FIGURE 15 is a plan view showing the relative position of the loop enlarging lever and the needles when the mechanism according to this invention is applied to so-called three needle stitching.
FIGURE 16 is a front view of the shuttle race equipped with a still further modified form of the mechanism according to this invention;
FIGURE 17 shows a side view thereof, partly in section;
FIGURE 18 is a plan view of the hook plate forming the loop enlarging lever as used in the last mentioned form of invention;
FIGURE 19 is a perspective view of the modified construction of a connection forming a part of the mechanism for actuating the loop enlarging lever, and
FIGURE 20 is a partially section perspective view of a zig-zag stitching head and shuttle race with which the invention may be used.
Referring to the embodiment shown in the drawings, FIGURESI to 6, the reference numeral 1 designates a stationary shuttle race, in which there is a shuttle 2 having a hook or nose 2'. 3 designates the loop of the upper thread formed at the beginning of the upward motion of the needle 4. '5 is a shuttle race top spring. 6 is a feed dog, and 7 is a needle plate. 8 designates the fabrics to be sewed. 9 is a part of a bed. The above mentioned parts of the sewing machine are not shown or described in detail, as they form no part of the present invention.
According to this invention, a lever '10 is pivotally mounted by means of a stud screw 11 on the under side of the bed 9. To one end of said lever 10 is secured. a hook plate 12 forming a loop enlarging lever and having ahook 12 which extends in close proximity of the needle 4. As shown in FIGURE 2, a cam 13 is mounted on the lower shaft 14 for driving the shuttle. A lever 15 pivotally mounted to the bed as at 16 has a roller 17 which abuts against the cam face 13 of the cam 13, the lever 15 being biased by means of a spring 18. lThe other end of the lever 10 and the free end of the lever 15 are connected by means of a link 19. Said cam 13 is so designed that according to the rotation of the lower shaft '14 the levers 15 and 10 are oscillated for angles of P and P respectively.
Referring now to FIGURE 4, assume that zig-zag stitching of the width P is desired. The needle 4 is kept apart from the nose or hook 2 of the shuttle for about 5 mm. When the needle 4 is lifted, the upper thread being loosened is formed into a loop 3, and immediately thereafter the lever is swung clockwise around the pivot 11, and the free end or hook 12' of the plate 12 will be inserted into said enlarged loop 3 and it pulls the loop forming thread outwardly, thereby enlarging the size of the loop, bringing it into the path of the nose 2' of the shuttle, as shown in FIGURES 2, 3 and 5. Then, the above mentioned parts are returned to their initial position by the action of the spring 18 under the control of the cam 13. In such manner, the cycle of operation of the above mentioned loop enlarging mechanism is repeated.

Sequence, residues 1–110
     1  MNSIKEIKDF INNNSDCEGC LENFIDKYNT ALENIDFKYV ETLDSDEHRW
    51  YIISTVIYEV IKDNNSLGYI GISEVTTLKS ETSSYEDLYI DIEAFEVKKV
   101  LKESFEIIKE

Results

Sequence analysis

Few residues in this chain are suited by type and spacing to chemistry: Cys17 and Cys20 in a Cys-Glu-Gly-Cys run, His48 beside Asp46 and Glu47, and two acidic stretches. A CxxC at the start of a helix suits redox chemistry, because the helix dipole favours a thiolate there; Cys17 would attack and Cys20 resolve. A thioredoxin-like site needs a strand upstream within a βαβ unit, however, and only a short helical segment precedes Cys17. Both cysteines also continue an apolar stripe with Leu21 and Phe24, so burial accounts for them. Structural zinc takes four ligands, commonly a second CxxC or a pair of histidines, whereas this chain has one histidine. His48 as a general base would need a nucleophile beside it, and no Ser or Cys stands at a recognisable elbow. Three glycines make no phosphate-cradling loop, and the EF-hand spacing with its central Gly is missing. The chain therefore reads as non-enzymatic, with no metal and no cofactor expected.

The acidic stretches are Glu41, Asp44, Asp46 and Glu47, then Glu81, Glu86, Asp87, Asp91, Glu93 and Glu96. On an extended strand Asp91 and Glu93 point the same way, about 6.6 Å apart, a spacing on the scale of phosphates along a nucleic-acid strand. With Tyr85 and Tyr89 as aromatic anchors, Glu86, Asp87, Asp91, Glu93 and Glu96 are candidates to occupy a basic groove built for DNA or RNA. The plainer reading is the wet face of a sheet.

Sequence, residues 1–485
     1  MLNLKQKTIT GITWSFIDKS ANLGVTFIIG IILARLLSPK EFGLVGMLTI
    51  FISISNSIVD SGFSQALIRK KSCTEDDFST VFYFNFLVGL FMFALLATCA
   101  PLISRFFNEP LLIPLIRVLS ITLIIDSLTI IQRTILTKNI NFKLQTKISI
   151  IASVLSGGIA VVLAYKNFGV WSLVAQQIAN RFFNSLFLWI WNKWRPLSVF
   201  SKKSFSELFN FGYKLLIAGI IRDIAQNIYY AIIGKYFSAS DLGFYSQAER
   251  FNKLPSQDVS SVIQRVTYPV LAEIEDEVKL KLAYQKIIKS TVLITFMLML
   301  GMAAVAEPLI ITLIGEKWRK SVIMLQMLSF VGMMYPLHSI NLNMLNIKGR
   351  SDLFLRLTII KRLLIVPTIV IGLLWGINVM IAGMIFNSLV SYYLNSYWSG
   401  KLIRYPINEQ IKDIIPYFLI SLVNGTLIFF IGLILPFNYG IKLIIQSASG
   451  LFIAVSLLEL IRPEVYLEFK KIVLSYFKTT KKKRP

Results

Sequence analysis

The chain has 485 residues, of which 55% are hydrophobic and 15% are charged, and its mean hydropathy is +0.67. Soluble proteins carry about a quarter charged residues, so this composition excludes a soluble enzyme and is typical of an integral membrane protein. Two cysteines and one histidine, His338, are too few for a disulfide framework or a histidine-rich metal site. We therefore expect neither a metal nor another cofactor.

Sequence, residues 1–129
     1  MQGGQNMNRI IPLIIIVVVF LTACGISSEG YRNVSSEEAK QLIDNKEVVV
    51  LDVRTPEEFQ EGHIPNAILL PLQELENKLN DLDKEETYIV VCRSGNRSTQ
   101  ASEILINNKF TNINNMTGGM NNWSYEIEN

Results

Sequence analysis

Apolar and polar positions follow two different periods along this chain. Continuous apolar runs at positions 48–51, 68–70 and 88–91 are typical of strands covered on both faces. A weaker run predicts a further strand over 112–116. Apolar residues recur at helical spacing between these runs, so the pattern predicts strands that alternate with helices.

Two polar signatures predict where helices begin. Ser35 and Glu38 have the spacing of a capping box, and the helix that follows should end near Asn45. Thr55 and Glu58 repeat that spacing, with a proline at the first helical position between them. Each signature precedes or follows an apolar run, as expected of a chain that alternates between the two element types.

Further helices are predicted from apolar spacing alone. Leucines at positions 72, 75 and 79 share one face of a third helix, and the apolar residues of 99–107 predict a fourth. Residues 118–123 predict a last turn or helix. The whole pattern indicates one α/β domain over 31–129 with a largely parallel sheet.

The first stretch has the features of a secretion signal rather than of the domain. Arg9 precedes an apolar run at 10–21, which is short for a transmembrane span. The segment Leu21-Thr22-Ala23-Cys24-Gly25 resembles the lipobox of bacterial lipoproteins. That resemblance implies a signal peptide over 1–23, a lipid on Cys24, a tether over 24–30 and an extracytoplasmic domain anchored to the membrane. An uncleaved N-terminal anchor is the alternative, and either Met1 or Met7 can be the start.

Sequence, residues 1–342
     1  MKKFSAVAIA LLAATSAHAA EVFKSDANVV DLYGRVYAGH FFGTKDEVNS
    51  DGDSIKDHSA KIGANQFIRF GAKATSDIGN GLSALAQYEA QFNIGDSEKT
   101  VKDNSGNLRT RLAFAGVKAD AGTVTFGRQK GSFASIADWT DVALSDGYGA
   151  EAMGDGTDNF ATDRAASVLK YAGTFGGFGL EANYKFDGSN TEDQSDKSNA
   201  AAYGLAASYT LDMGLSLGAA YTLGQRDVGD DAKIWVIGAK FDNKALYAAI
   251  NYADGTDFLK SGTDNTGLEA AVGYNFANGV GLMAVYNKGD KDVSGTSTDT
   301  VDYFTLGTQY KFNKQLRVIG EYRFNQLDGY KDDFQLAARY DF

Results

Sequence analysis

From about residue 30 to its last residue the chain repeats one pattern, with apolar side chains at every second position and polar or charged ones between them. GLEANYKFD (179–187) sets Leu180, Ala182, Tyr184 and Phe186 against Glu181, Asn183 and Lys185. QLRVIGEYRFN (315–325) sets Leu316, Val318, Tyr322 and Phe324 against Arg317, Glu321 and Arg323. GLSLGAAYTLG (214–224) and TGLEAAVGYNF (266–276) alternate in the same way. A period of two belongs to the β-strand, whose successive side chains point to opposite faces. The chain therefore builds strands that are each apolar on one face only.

In order that the hook plate 12 may catch the enlarged loop 3 without fail, it would be desirable that the needle 4 is mounted to the needle bar with the eye arranged obliquely at an angle of about 45, as shown in FIGURE 6. If the eye of the needle were arranged at right angle to the direction of movement of the shuttle 2, the loop of the upper thread would be extended similarly in the direction of the movement of the shuttle, and the hook 12' of the hook plate 12 may fail to enter the loop. The oblique arrangement of the eye of the needle is to remove such disadvantage. For the purpose, the stem or root portion of the needle may be cut as at 4 in the direction oblique to the eye 20, as shown in FIGURE 6. Or, alternatively, a needle having the root portion of a circular cross section may be used and clamped to the needle bar so as to bring the eye in the oblique position as desired.
It is to be noted that the above mentioned lever 10 with the hook plate 12, the lever 15 and the link 19 are made of relatively thin sheet metal and are so light that the momentum of said parts is extremely small as compared with the mechanism in the existing zig-zag sewing machines, whilst in the latter it is designed so as to move the shuttle race including the shuttle, bobbin and bobbin case, the shuttle driving shaft, a vertical shaft and other parts pertaining thereto for the purpose of performing zig-zag stitching.
In the modified form of the invention as shown in FIG- URES 7 to 10, the righthand upper portion of the shuttle race 1 is formed of a shoulder 21, upon which a stud 22 is secured. A hook plate 23 having a vertical sleeve 24 is pivotally mounted on said stud 22 for swinging motion as shown by arrow A-A in FIGURE 10. Said hook plate 23 forming the loop enlarging lever is so arranged that its free end forming a hook 23 is moved in a path in close proximity of the needle 4. A coil spring 25 is wound around the sleeve 24, so that the hook plate 23 is normally urged to return to the initial position as shown in FIGURE 9.
Bearing 26 is for a horizontal axle 27, and is mounted by screwing into a horizontal internally threaded hole bored through the righthand lower portion of the shuttle race 1 as viewed in FIGURE 7. At one end of said axle 27 is secured a cam controlled arm 28. 29 is an arm secured to the other end of said pin 27 and extending upwardly on the outer side of the shuttle race 1. The upper free end of said arm 29 abuts against a projection 30 which projects from the sleeve 24 at right angle to the hook plate 23. 31 is a cam mounted to and around the boss of the driver 32 for driving the shuttle. The cam 31 is adjustably mounted by means of a screw 33. The arm 28 is held in engagement with the cam 31 by being urged by the spring 34. 35 designates a portion of the lower shaft of the sewing machine.
As in the existing sewing machine for household use, the lower shaft 34 partakes a reciprocal rotation and the similar rotation is given to the shuttle in the shuttle race 1. According to the embodiment shown, by the provision of the cam 31 and the arm 28 controlled thereby, the upper end of the vertical arm 29 will be swung in the direction of arrows B-B, thereby pushing the projection 30 to actuate the hook plate 23 in the direction of arrow A-A as shown in FIGURE 10. The amplitude of the swing motion of said hook plate 23 may be adjusted, When the amplitude of the swing of the needle for zig-zag stitching is 4 mm., it may be so designed that the free end of the hook plate 23 is moved for the amplitude of about 8 mm. Such amplified movement of the hook plate 23 may be obtained by determining the leverage of the arms 28 and 29 relative to the eccentricity of the cam 31.